If you want to know how brutally Pakistan treats its people, you should meet Amina Janjua An intelligent painter and interior designer, she sits on the vast sofa of her living room in Rawalpindi -- a room that somehow accentuates her loneliness -- scarf wound tightly round her head, serving tea and biscuits like the middle-class woman she is.
The Israeli-Arab conflict is about land It is about colonies and walls and about binational states and two states and -- in the end -- about who has power The Israelis with their eternal American supporters? Or the Palestinians, hopelessly divided and soaked -- in Gaza, at least -- in corruption and nepotism The Israeli-Arab conflict is about land .
It looks like a hop, skip and a jump There's the first electrified fence, then the dirt strip to identify footprints, then the tarmac road, then one more electrified fence, and then acres and acres of trees Orchards rather than tanks Galilee spreads beyond, soft and moist and dark green in the winter afternoon -- a peaceful Israel, you might think.
Music and Islam have a dodgy relationship. I guess it's really all to do with that most jealously guarded commodity, the human soul, over which music exerts such passion.
Almost 19 years to the day after Saddam Hussein's legions invaded Kuwait -- and less than 18 years since the U.S. coalition liberated it -- the Croesus-rich emirate is still demanding reparations from Baghdad as if the dictator of Iraq was still alive. Kuwait is still demanding reparations from Baghdad as if Saddam Hussein was still alive.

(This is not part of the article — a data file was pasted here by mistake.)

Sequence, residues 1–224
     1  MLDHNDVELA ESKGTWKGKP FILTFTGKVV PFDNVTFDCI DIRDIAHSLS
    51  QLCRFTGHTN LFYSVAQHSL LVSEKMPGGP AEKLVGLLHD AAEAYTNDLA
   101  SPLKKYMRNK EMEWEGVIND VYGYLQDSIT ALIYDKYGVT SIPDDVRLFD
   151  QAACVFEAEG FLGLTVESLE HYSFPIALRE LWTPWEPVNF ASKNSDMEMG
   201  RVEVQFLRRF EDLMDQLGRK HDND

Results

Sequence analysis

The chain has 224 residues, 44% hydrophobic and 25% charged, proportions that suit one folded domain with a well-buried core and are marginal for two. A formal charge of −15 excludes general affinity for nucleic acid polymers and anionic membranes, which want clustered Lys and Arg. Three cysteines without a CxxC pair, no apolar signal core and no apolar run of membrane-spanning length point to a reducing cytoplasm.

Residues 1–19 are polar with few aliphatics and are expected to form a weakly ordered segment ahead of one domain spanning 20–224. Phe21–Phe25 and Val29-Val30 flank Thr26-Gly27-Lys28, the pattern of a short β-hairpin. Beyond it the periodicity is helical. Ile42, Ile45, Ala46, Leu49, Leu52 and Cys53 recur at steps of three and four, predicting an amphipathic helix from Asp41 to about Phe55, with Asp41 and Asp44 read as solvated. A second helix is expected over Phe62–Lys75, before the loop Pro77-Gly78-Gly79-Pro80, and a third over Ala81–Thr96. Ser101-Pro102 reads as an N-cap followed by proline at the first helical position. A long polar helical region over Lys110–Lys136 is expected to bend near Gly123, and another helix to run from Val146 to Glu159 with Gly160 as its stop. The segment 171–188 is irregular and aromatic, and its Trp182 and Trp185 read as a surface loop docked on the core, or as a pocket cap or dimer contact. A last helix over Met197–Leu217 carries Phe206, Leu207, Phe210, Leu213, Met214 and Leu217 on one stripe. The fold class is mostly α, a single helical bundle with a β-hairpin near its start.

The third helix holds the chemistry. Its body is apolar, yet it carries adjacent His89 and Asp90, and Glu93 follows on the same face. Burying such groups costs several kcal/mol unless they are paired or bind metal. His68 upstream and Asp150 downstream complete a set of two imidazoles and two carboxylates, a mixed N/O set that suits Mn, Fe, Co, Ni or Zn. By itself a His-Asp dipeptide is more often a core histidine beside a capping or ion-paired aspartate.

You don't overthrow Islamic revolutions with car headlights. And definitely not with candles. Peaceful protest might have served Gandhi well, but the supreme leader's Iran is not going to worry about a few thousand demonstrators on the streets, even if they do cry "Allahu Akbar" from their rooftops every night.
I wonder -- in an age when the BBC can refuse help to the suffering because of its "impartiality" -- whether we still report war with the same power and passion as the men and women of an earlier generation.
It's a wrap, a doddle, an Israeli cease-fire just in time for Barack Obama to have a squeaky-clean inauguration with all the world looking at the streets of Washington rather than the rubble of Gaza.
So once again, Israel has opened the gates of hell to the Palestinians. Forty civilian refugees dead in a United Nations school, three more in another. Not bad for a night's work in Gaza by the army that believes in "purity of arms". But why should we be surprised?
Can it be that yet another Israeli failure in Gaza will change the dynamics of "peacekeeping" in the Middle East, that at last the ghost of Arafat will watch the "internationalisation" of the Israeli-Palestinian war?